The NCSL Blog


By Lisa Soronen

In Moda Health Plan v. United States, the U.S. Supreme Court will decide whether Congress may enact appropriations riders restricting the sources of funding available to pay health insurers for losses incurred that were supposed to be paid per federal law.

In urging the Supreme Court to hear a case over the Affordable Care Act, two insurance companies said a lower court’s decision threatened to encourage the government to walk away from other inconvenient promises. Credit T.J. Kirkpatrick for The New York TimesThe Affordable Care Act’s (ACA) risk corridor program provided that if a health insurance plan participating in the exchange lost money in 2014-2016 it would receive a payment from the federal government based on a formula defined in the statute. If it made money the plan had to pay the federal government based on a formula. 

The Government Accountability Office (GAO) identified a particular funding source the federal government could use to make payments. Congress, however, passed appropriations riders for all three years seeking to reverse its statutory obligation to pay for the risk corridor program and disallowed that funding source to be used to make risk corridor payments.

Over the three-year period, the risk corridor program was short $12 billion. Moda Health Plan claims it is owed $290 million.     

The Federal Circuit held that the federal government is not obligated to pay what the statutory formula indicates it owes insurers under the risk corridor program because of the appropriations riders.

The Federal Circuit concluded that the section of the ACA related to the risk corridor program is “unambiguously mandatory” and requires the federal government to “make payments at the full amount indicated by the statutory formula if payments in fell short.”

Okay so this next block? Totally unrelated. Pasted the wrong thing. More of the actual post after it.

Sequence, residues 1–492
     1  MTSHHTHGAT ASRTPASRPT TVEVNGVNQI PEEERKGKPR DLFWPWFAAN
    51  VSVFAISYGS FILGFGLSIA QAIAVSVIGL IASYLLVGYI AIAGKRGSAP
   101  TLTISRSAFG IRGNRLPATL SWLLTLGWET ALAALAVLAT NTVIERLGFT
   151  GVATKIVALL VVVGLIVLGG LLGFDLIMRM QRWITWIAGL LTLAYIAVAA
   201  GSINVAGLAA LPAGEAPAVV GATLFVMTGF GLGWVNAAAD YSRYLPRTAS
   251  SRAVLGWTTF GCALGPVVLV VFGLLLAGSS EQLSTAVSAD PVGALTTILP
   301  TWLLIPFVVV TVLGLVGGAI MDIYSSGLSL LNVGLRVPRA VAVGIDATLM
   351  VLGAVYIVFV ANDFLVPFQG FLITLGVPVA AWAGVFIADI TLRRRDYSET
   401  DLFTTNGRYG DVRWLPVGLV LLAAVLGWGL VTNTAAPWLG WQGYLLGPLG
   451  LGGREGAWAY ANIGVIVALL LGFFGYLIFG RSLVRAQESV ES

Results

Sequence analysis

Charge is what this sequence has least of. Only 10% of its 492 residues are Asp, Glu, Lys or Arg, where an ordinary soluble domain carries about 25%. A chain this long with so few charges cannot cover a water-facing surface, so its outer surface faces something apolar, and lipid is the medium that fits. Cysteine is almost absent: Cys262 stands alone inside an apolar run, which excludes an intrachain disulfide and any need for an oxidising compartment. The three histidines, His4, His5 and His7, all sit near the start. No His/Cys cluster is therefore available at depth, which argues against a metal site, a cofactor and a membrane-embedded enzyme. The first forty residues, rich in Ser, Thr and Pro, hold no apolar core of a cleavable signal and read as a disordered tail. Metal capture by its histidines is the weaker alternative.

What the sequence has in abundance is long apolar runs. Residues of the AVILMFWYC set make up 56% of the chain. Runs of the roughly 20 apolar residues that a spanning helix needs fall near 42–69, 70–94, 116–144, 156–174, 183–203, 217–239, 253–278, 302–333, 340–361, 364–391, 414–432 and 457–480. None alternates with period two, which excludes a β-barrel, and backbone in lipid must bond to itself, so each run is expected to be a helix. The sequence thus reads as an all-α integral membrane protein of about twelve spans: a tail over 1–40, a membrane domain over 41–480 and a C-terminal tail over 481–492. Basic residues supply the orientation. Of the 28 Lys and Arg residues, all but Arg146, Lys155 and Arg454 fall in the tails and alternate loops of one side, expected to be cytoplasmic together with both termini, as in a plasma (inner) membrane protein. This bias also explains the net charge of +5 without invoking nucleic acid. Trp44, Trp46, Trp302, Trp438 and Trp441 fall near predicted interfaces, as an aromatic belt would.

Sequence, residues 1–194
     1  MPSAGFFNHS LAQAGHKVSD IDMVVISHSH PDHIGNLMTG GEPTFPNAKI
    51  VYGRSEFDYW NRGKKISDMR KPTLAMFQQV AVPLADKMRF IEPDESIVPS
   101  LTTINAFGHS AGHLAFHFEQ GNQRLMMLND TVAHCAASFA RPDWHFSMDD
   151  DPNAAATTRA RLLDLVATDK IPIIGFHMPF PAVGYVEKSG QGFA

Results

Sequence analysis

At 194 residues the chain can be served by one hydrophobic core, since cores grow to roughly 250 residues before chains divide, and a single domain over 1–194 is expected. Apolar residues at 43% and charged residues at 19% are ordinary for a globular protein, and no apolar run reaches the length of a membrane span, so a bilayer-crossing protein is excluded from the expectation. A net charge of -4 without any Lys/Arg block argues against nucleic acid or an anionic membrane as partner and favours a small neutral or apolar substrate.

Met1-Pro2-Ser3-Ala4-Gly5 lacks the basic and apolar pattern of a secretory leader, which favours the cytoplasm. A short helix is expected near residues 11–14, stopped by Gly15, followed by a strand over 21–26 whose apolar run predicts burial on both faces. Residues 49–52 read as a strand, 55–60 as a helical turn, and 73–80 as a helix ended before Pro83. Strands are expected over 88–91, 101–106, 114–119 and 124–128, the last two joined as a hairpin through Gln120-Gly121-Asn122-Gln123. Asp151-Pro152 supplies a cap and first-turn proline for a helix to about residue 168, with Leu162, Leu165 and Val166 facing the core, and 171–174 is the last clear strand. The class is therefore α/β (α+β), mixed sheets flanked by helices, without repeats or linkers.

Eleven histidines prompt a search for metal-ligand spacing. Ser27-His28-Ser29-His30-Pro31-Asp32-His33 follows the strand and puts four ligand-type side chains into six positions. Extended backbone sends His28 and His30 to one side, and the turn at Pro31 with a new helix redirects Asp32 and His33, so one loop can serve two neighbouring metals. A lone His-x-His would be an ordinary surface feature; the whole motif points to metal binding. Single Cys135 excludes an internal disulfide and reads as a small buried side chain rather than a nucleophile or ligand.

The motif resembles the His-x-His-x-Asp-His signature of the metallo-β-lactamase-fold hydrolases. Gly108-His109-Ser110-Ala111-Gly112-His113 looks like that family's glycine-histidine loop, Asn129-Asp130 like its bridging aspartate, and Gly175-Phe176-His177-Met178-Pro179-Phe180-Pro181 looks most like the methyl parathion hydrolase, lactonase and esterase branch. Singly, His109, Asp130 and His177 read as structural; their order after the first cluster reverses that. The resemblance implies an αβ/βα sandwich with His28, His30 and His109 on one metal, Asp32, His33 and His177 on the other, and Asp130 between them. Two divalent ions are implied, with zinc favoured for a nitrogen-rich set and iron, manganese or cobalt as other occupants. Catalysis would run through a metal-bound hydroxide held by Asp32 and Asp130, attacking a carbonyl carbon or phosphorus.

However, the federal government suspended its obligation to pay the full formula amount through the riders. “Congress clearly indicated its intent here. It asked GAO what funding would be available to make risk corridors payments, and it cut off the sole source of funding identified beyond payments in. It did so in each of the three years of the program’s existence.”

Moda Health plan argues that the Congressional intent the Federal Circuit relied on was “divined not from the text of the riders (which simply restricted one source of funds to honor the commitment), but from two snippets of purported legislative history. That holding disregards literally centuries of precedent holding that a later statute cannot be construed to repeal or suspend an earlier one unless that construction is ‘necessary and unavoidable.’” “To state the obvious, legislative history cannot satisfy that demanding test, and the decision below cannot be reconciled with this Court’s precedents.”

Moda Health Plan also argues that it has a contractual right to receive full payment “from the combination of [the statutory] text, HHS’s implementing regulations, HHS’s preamble statements before the ACA became operational, and the conduct of the parties.” The Federal Circuit disagreed stating: “Here, no statement by the government evinced an intention to form a contract. The statute, its regulations, and HHS’s conduct all simply worked towards crafting an incentive program. These facts cannot overcome the ‘well-established presumption’ that Congress and HHS never intended to form a contract by enacting the legislation and regulation at issue here.”

This case does not directly impact states and local governments as they don’t offer health insurance plans on the exchange. Eighteen states and the District of Columbia filed a certiorari-stage amicus brief asking the court to review the Federal Circuit court’s decision because of its far-reaching and adverse implications for the states as regulators of health insurance.

Lisa Soronen is executive director of the State and Local Legal Center and a regular contributor to the NCSL Blog on judicial issues.

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This blog offers updates on the National Conference of State Legislatures' research and training, the latest on federalism and the state legislative institution, and posts about state legislators and legislative staff. The blog is edited by NCSL staff and written primarily by NCSL's experts on public policy and the state legislative institution.